The result didn't show any difference in apoptosis rate of CD8+ T cells between WT and lck-cre/mTORf/f mice. However, after infection by Candida, lck-cre/mTORf/f mice showed a lower apoptosis rate of CD8+T cells compared with that in WT mice, whereas the apoptosis rate was even higher in lck-cre/ TSC1f/f mice (Fig. 4B). We also measured mRNA expression of BIM gene in CD8+ T cells in lethal fungal sepsis mice, which was decreased in lck-cre/mTORf/f mice but increased in lck-cre/TSC1f/f mice compared with WT mice (Fig. 4C). These results indicated exaggerated apoptosis in CD8+T cells during lethal fungal sepsis, which was ameliorated by mTOR deletion.

mTOR deletion enhanced CD8+ T-cell autophagy by increasing autophagosomes

To further investigate the mechanism of the exaggerated apoptosis in CD8+T cells in lethal fungal sepsis and the anti-apoptosis effect of mTOR deletion. We assessed the autophagic process of CD8+ T cells in lethal fungal sepsis by detecting the expression of autophagy related LC3B and p62/SQSTM1 proteins. LC3B plays a major role in the process of phagophore expansion. p62/SQSTM1 can be degraded during autophagy flux, and its increase is thought to be a marker of incomplete autophagy flux. LC3B level in CD8+T cells in lethal fungal sepsis mice was significantly higher compared with uninfected mice (Fig. 5B). And the level of p62/SQSTM1 was higher, too (Fig. 5D). These results imply that in lethal fungal sepsis mice, autophagy flux might be incomplete in CD8+ T cells. We intervened with the autophagy process by enhancing or repressing the mTOR pathway, using a T-cell specific mTOR or TSC1 knockout mice. The level of LC3B was higher in CD8+ T cells following lethal fungal sepsis in lck-cre/mTORf/f mice compared with WT mice (Fig. 5B). However, mTOR deletion failed to decrease the level of p62/SQSTM1 in CD8+ T cells (Fig. 5D). These results suggest that mTOR deletion has a positive effect on CD8+ T-cell autophagy, partly by increasing autophagosomes rather than ameliorating incomplete autophagy flux.

To further validate our conclusion, we used TEM to evaluate the autophagy flux in CD8+ T cells. We saw more and larger autophagosomes in CD8+ T cells in lethal fungal sepsis mice than in uninfected mice, while there were few cells with autolysosomes in mice with sepsis (Fig. 6). This indicated an incomplete autophagic flux, which is concordant with the former result of western blotting. In mTOR-deletion mice, there were more autophagosomes, while no significant difference was observed in the number of autolysosomes (Fig. 6). Taking the western blotting result into consideration, we conclude that mTOR deletion modulated autophagy flux mainly by increasing the initiation of autophagy rather than ameliorating incomplete autophagy flux.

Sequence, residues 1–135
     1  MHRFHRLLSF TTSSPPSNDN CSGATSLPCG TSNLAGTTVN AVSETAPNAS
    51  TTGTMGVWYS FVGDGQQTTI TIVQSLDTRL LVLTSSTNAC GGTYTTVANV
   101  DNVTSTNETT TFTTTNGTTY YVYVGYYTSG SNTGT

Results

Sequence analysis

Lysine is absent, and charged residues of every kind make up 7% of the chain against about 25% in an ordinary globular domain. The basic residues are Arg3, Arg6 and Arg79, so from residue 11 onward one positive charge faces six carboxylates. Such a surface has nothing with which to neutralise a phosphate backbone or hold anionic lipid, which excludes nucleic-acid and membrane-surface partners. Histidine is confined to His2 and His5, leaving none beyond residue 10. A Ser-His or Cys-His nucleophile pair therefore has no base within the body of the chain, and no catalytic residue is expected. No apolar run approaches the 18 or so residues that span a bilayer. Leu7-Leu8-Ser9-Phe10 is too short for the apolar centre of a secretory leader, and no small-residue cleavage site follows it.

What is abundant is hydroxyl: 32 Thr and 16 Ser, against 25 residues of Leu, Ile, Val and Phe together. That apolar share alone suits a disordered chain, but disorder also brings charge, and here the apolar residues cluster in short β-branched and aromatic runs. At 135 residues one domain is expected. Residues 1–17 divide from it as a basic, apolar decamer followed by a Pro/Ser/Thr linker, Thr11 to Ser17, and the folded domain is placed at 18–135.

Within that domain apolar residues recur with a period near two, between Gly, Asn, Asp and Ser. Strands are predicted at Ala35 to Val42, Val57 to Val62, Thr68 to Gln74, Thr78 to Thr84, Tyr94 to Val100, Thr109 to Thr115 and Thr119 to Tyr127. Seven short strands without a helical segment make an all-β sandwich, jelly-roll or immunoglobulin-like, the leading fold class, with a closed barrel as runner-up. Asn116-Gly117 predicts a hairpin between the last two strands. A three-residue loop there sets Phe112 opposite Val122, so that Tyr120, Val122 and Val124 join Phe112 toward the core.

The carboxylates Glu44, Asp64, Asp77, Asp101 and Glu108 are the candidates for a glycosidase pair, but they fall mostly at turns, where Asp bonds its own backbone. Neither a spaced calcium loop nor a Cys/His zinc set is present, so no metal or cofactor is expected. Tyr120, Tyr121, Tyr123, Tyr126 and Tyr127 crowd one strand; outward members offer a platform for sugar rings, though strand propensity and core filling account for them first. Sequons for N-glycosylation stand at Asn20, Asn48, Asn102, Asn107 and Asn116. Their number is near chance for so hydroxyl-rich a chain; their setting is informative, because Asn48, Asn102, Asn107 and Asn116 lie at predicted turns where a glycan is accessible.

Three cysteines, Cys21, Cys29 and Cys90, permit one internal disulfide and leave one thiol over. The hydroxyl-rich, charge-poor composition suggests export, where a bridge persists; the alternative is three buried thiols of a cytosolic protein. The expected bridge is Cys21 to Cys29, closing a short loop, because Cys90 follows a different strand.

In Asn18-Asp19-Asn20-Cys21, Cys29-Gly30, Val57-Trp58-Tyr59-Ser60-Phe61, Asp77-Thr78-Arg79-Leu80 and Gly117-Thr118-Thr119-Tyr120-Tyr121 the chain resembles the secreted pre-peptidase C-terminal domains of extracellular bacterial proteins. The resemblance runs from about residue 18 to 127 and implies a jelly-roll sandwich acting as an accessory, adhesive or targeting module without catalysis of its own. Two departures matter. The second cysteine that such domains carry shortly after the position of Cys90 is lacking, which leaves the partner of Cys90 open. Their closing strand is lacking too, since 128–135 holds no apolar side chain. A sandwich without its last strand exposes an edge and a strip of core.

Figure 3 

Number of CD8+ T cells. (A) Gating strategy of CD8+T cells is shown. Briefly, lymphocytes were identified based on the forward/sideward characteristics followed by the selection of the CD3+CD8+ T cells. (B) Representative subpopulation of splenocytes in lck-cre/mTORf/f(lck-mTOR), lck-cre/TSC1f/f (lck-TSC1) and mTORf/f mice (WT). Mice were injected with C. albicans (CA) or sterile saline (Control). Splenocytes were collected 12 h after infection and stained with both anti-CD4+ and anti-CD8+ antibody. (C) CD8+ T-cell count in each group. Mean ± SD, n = 8-10 mice in each group; *p < 0.05, **p < 0.01 was significant analyzed by Student's t test and two-way ANOVA. All results were repeated three times.

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 Figure 4 

CD8+ T-cell apoptosis. (A) Representative FACS profiles of CD8+ T cells from spleen stained with PI and Annexin V in lck-cre/mTORf/f(lck-mTOR), lck-cre/TSC1f/f (lck-TSC1) and mTORf/f mice (WT). (B) Subpopulations of PI and Annexin V staining of CD8+ T cells from spleen showing early phase (Annexin V+ PI-) and (C) late phase (Annexin V+ and PI+) of apoptosis. n = 8-10 mice in each group. (D) mRNA expression for BIM. Mean ± SD, n = 8-10 mice in each group; ****p < 0.0001was significant analyzed by Student's t test and two-way ANOVA. All results were repeated three times.

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Discussion

In the present study, the autophagy process as well as the apoptosis level in CD8+ T cells in fungal sepsis mice were investigated. We observed a decreased count of CD8+T-cells and increased apoptosis rate in mice from lethal fungal sepsis group compared with the uninfected group. The autophagy flux in CD8+ T cells might have been incomplete in lethal fungal sepsis mice even though there were more autophagosomes in CD8+ T cells. We observed that the autophagosome count in CD8+ T cells was further elevated by mTOR deletion in lethal fungal sepsis mice; however, the autophagy flux was still incomplete. mTOR deletion ameliorated CD8+ T-cell apoptosis, while TSC1 deletion further increased CD8+ T-cell apoptosis in lethal fungal sepsis mice. These results indicate the dysfunction of CD8+T-cells survival in lethal fungal sepsis, and it might be ameliorated by mTOR deletion.